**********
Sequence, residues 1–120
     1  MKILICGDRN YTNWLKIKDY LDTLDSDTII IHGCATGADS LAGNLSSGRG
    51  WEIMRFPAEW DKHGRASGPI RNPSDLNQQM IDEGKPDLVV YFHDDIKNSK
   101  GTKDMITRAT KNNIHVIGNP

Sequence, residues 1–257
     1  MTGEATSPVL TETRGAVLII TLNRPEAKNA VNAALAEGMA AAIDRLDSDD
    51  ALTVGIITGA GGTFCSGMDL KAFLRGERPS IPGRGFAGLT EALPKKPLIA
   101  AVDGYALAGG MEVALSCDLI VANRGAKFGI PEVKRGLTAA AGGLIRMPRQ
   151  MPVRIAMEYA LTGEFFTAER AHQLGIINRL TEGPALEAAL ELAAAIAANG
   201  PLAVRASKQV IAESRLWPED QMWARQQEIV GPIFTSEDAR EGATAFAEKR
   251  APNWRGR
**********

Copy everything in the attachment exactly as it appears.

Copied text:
Sequence, residues 1–120
     1  MKILICGDRN YTNWLKIKDY LDTLDSDTII IHGCATGADS LAGNLSSGRG
    51  WEIMRFPAEW DKHGRASGPI RNPSDLNQQM IDEGKPDLVV YFHDDIKNSK
   101  GTKDMITRAT KNNIHVIGNP

Sequence, residues 1–257
     1  MTGEATSPVL TETRGAVLII TLNRPEAKNA VNAALAEGMA AAIDRLDSDD
    51  ALTVGIITGA GGTFCSGMDL KAFLRGERPS IPGRGFAGLT EALPKKPLIA
   101  AVDGYALAGG MEVALSCDLI VANRGAKFGI PEVKRGLTAA AGGLIRMPRQ
   151  MPVRIAMEYA LTGEFFTAER AHQLGIINRL TEGPALEAAL ELAAAIAANG
   201  PLAVRASKQV IAESRLWPED QMWARQQEIV GPIFTSEDAR EGATAFAEKR
   251  APNWRGR